Apple stirring up some controversy? Pshaw, never! OK, except for today and, yes, earlier this week, too. Here are the latest reasons Apple has come under fire from consumers and developers alike.
Late Thursday, news broke that Apple had fully removed Nest products from its retail stores and website. Nest, now owned by Google, includes the Nest camera, thermostat and smoke detector. All three are connected devices for the home that can be controlled via smartphone apps. We're talking about the Internet of Things here, folks, and Nest's products have been popular as long as they've been in the market.
Until this week, they were available directly from Google, as well as from Apple and other electronics retailers. Well, Apple apparently doesn't want to continue selling products that compete with its own and pulled the Nest gear, according to CNN.
Apple does, however, now sell the Ecobee3, a $249 thermostat that works with Apple's HomeKit platform. Apple has a handful of HomeKit gear on sale, but the products have been slow to reach the market. It turns out there's a reason for HomeKit's slow uptake: It frustrates developers. Here are some examples.
"Elgato, a Munich, Germany-based electronics company, is building a line of low-energy sensors under HomeKit and is using Bluetooth LE," reports Forbes. "When the company first started, just figuring out if a door was opened or closed took 40 seconds, said Lars Felber, a spokesman for Elgato." Forty seconds. That's a long time.
"Another source who requested anonymity to protect his relationship with Apple said lag times reached 7 minutes when his company's device tried to use the HomeKit protocol through Bluetooth LE," continued Forbes. Seven minutes. That's an eternity and darned near useless. Imagine if it took you seven minutes to unlock your front door via your smartphone. When it's pouring rain. You'd kick the thing down rather than wait that long. This type of lag is no good.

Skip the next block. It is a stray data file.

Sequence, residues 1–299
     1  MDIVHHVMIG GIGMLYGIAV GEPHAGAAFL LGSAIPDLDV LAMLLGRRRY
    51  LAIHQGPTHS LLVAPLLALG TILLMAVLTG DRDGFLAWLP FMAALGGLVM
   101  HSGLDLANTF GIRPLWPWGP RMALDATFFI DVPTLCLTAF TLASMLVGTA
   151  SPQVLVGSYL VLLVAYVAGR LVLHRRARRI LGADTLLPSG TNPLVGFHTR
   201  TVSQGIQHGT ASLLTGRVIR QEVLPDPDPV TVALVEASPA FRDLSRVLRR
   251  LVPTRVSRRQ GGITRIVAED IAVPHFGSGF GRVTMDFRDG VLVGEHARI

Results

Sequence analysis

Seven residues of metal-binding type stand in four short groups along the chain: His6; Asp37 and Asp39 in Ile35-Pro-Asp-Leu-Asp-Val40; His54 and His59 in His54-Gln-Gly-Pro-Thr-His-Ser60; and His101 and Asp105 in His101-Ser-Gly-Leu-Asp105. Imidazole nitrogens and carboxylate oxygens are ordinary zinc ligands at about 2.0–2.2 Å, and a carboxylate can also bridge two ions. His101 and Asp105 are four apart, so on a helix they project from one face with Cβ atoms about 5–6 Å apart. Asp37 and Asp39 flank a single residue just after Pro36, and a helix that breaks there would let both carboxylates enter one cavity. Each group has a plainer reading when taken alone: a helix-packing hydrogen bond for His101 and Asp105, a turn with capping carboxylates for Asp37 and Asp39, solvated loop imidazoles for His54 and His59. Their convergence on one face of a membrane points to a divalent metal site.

One of the issues has to do with the security protocols required by Apple. Apple requires Wi-Fi or Bluetooth Low Energy for certification as HomeKit accessories. Apple is forcing developers to use 3,072-bit encryption keys, as well as the Curve25519 digital signature instrument. Experts call the security measures "bleeding edge."
To be fair, we are talking about the security of our homes here. Obviously people want to know that the random electronic devices they pick up at Best Buy over the weekend are going to fully protect their domicile. That requires strongest security. Apple's requirements, however, appear to be stymying developers and IoT makers.
What are your thoughts? Have you encountered any lag or security problems with HomeKit? Feel free to add your own experiences in the comments below.